"Waveform 204 depicts an example of a waveform of a charging current 112, which flows while the high side driver 106 is active. Waveform 204 goes to a negative current level 220 at time 206. Waveform 204 remains at the negative current level 220 until time 207, when it goes to a zero current level 219. Waveform 204 remains at zero current level 219 until it again goes to negative current level 220 at time 208. Waveform 204 remains at negative current level 220 until time 209, when it again goes to zero current level 219. Waveform 204 remains at zero current level 219 until time 210, when it again goes to negative current level 220. As this example depicts a duty cycle of 75%, waveform 204 is at negative current level 220 75% of the time and at zero current level 219 25% of the time.

"Waveform 205 depicts an example of a waveform of a charging current 113, which flows while the low side driver 107 is active. Waveform 205 remains at a zero current level 221 from time 206 to time 207. Waveform 205 goes to a positive current level 222 at time 207. Waveform 205 remains at positive current level 222 until it again goes to zero current level 221 at time 208. Waveform 205 remains at zero current level 221 until time 209, when it again goes to positive current level 222. Waveform 205 remains at positive current level 222 until time 210, when it again goes to zero current level 221. As this example depicts a duty cycle of 75%, waveform 205 is at zero current level 221 75% of the time and at positive current level 222 25% of the time.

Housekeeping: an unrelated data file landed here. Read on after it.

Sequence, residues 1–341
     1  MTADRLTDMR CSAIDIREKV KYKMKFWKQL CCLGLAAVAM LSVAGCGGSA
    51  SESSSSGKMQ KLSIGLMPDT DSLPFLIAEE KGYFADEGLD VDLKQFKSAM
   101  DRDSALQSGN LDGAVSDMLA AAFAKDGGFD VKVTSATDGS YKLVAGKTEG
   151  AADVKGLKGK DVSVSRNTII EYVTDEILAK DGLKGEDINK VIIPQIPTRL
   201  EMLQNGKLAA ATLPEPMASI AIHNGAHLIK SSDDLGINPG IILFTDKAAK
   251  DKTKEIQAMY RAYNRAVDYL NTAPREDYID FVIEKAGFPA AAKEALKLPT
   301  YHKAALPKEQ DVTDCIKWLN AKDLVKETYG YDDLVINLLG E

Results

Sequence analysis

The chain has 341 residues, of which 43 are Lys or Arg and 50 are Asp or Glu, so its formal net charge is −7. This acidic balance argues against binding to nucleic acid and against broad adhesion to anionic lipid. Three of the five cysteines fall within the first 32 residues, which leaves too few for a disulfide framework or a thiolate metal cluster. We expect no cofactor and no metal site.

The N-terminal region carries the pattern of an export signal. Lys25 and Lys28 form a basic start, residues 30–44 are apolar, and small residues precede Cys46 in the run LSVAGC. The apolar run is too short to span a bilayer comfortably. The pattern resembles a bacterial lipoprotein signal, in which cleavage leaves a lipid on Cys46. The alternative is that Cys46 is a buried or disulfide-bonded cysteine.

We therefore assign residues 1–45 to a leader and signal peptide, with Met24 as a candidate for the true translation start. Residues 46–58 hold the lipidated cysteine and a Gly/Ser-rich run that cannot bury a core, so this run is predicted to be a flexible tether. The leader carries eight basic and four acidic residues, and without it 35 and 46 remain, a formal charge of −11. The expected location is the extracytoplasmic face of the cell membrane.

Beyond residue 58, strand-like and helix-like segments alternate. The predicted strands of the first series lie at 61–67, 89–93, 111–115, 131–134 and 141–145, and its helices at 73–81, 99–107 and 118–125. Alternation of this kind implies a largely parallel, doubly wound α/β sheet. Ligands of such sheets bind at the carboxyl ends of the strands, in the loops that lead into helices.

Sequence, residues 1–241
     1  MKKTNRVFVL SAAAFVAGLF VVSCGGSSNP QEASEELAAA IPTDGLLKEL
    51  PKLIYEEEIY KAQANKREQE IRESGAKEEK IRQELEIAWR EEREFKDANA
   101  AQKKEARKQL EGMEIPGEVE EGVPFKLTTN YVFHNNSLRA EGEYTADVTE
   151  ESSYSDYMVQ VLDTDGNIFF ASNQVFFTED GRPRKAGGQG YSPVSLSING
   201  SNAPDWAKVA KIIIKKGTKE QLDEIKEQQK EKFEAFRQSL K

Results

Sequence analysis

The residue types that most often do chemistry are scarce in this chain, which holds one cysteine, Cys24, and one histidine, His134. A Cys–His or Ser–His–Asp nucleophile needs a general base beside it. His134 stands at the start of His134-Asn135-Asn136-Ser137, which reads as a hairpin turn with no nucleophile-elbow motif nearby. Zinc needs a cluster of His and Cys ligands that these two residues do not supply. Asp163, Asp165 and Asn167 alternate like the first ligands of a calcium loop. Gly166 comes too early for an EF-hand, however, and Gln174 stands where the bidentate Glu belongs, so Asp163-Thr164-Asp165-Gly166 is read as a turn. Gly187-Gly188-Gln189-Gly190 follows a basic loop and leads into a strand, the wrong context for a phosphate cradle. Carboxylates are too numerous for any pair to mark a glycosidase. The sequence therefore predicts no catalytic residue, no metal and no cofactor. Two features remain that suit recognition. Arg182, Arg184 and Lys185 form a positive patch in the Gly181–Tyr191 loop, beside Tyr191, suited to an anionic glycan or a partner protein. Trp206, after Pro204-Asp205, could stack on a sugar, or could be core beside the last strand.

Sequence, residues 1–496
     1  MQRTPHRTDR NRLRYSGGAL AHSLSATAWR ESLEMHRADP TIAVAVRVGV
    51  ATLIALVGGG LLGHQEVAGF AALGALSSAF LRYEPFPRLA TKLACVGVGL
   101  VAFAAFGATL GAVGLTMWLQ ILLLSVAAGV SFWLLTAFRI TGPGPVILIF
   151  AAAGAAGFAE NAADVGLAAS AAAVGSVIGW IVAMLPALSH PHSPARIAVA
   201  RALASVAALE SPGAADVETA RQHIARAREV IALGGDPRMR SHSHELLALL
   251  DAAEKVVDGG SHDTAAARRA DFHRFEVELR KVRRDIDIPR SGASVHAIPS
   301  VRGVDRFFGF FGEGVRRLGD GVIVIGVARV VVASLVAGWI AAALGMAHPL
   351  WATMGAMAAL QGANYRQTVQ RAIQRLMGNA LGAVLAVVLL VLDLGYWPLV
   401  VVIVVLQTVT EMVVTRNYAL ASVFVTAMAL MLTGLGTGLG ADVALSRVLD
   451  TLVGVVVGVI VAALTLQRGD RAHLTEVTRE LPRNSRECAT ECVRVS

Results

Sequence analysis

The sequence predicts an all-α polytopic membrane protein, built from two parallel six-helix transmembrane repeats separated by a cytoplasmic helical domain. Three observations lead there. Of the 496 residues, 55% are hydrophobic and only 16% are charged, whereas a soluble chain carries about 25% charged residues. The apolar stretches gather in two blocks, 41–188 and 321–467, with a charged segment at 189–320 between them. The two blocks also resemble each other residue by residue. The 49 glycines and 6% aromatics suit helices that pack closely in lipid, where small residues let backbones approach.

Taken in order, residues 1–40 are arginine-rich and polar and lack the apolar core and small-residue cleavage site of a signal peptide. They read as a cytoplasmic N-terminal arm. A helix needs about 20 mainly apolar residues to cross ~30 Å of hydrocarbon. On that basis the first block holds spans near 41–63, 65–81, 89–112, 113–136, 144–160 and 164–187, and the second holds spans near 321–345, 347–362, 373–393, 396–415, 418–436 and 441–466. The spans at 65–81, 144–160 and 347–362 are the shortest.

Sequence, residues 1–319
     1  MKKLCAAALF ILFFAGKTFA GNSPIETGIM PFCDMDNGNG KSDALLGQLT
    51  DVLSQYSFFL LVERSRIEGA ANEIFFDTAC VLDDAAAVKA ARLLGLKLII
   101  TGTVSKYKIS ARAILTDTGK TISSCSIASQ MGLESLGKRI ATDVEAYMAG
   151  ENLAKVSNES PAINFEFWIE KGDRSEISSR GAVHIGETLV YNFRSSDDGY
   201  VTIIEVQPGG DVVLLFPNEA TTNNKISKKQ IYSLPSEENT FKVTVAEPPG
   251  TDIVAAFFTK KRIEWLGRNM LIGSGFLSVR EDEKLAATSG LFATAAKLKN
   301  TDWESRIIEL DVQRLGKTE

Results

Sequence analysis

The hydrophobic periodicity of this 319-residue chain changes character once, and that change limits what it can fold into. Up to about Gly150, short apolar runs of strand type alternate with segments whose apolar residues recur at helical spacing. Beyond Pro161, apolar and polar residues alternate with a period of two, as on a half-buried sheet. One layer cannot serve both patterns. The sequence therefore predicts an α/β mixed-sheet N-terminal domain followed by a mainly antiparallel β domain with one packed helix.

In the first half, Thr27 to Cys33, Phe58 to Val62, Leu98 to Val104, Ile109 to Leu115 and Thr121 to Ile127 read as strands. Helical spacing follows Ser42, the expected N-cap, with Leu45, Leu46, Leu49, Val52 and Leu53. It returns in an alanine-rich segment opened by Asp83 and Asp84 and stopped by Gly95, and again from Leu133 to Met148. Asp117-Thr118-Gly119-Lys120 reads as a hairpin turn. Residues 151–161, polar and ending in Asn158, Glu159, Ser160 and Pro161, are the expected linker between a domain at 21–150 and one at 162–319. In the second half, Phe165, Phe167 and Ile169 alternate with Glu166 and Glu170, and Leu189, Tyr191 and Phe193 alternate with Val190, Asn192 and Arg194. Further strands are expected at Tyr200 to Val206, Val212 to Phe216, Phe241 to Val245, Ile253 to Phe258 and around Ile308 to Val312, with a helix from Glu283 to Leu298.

"The worst case for off-side charging can be derived by setting the derivative to zero and solving for D. For example, where Vout=2*Vrail*D=Vrail, Iout=Vout/R, and Ichg=(1-D)*Iout (i.e., the off side charging current), Ichg=(1-D)*Iout=(1-D) Vout/R=(-2*Vrail*DA2+3*Vrail*D-Vrail)/R. The derivative is set to zero as follows: dIchg/dD=(-2*Vrail*(2*D)+3*Vrail)/R=0. Consistent with the example of setting the duty cycle D at 75%, the equation is solved for D=3/4, as the worst case off side charging occurs with D=3/4 and Vout=Vrail/2. Accordingly, solving Ichg for D=3/4 is performed as follows: Ichg=(-2*Vrail*(3/4)^2+3*Vrail*(3/4)-Vrail)/R=Vrail/(8*R). For typical audio applications, the worst case for Ichg will be a squarewave at 20 Hz, where Vout=Vrail/2. Accordingly, Ichg=C*dV/dt. Therefore, Vrail/(8*R)=C*(Vrail/8)/50 mS, setting the desired change in V at Vrail/8 for a 12.5% change. Thus, C=1/(20*R). Consequently, for an eight ohm load, C=6250 uF. As noted above, the value of C is a function of the output impedance, not the output power, so the above calculation is valid for a given percentage of fluctuation of Vrail and a given output impedance, regardless of the value of Vrail and the output power. Actual capacitance may be less if only sinewaves are used, but the result remains the same that C is inversely proportional to R, not proportional to power. The above calculation shows that to keep charging to 1/8 (i.e., 12.5%) of the initial rail voltage during a 20 Hz squarewave of Vrail/2 peak, the capacitance needs to be 1/(20*R) farads, or 6250 uF for each rail at eight ohms. That would require 12,500 uF per rail at 4 ohms, or 25,000 uF per rail at 2 ohms. A total capacitance of 50,000 uF is very large and unrealistic for a low power design, as large value capacitors are typically expensive and of large physical size, which both run counter to the low cost and small size generally preferred in modern electronics.